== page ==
Lone working is on the rise, and you have a legal and moral responsibility to protect your lone workers. Providing a lone worker protection system is only the start. You also have to make sure your workers understand it and can access it effectively. Here are the six key steps to take:
1. Identify all your lone workers
You may think it’s obvious who your lone workers are, but have you missed any? The last worker in the office at night? The utility engineer who’s with customers but away from colleagues? The team member who works from home?
2. Keep updating risk assessments
Don’t just do a risk assessment once, treat it as a working document to be updated with any new risks you identify. The law requires companies that employ lone workers to think through any risks they might face, and put strategies in place to manage those risks. Each group of workers needs a written procedure that includes a summary of the risk assessment and an alert and escalation protocol.
3. Make sure your system is helpful, not helpy
“Helpiness” is pseudo-help that actually makes things worse. Many lone worker support systems overburden users with complex processes and admin. Ask your lone workers if your system makes things easier for them or harder. How easy is it for them to raise an alert or respond to a routine safety check? How much time are they wasting deactivating false alarms?
4. Suit devices to individual situations
Different lone working situations carry different risks. For example, workers in remote areas where the mobile signal is weak will need a satellite device. Customer-facing workers probably need a wearable device that makes it easy to raise an SOS. Home or office workers should be able to access the system from their desktop.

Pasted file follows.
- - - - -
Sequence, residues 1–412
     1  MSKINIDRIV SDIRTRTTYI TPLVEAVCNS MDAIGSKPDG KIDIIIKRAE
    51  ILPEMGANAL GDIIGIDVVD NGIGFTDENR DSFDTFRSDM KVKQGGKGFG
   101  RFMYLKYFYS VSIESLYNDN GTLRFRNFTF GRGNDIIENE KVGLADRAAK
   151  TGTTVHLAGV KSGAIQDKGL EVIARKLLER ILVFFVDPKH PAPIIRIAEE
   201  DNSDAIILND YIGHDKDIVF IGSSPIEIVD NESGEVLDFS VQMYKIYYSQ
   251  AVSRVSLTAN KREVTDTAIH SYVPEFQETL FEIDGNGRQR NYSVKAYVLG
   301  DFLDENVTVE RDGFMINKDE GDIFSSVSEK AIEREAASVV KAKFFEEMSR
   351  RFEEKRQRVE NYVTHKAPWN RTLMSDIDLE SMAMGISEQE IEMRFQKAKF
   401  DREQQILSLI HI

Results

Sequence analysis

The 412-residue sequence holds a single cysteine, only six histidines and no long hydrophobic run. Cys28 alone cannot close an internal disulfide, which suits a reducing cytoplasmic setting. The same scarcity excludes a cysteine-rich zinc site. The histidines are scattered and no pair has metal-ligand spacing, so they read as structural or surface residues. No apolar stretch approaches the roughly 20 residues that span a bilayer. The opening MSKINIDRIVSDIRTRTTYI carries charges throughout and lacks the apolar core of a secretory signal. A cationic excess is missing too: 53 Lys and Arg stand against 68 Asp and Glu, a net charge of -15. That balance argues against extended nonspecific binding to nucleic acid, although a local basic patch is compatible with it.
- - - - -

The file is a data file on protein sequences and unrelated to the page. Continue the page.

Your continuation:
5. Make sure your system supports management and auditing
Your system should allow staff to set up an individual profile for each lone worker. It should provide clear high-quality data both for auditing purposes, and so your team leaders can monitor lone workers’ safety.
6. Train your lone workers
The lone worker industry doesn’t have a good track record when it comes to lone workers actually using their safety systems. Often because they haven’t been properly trained and are not sure what might happen if they raise an alert. Make sure your system is user-friendly and intuitive, but also take the time to provide each worker with full training and someone they can contact with any questions.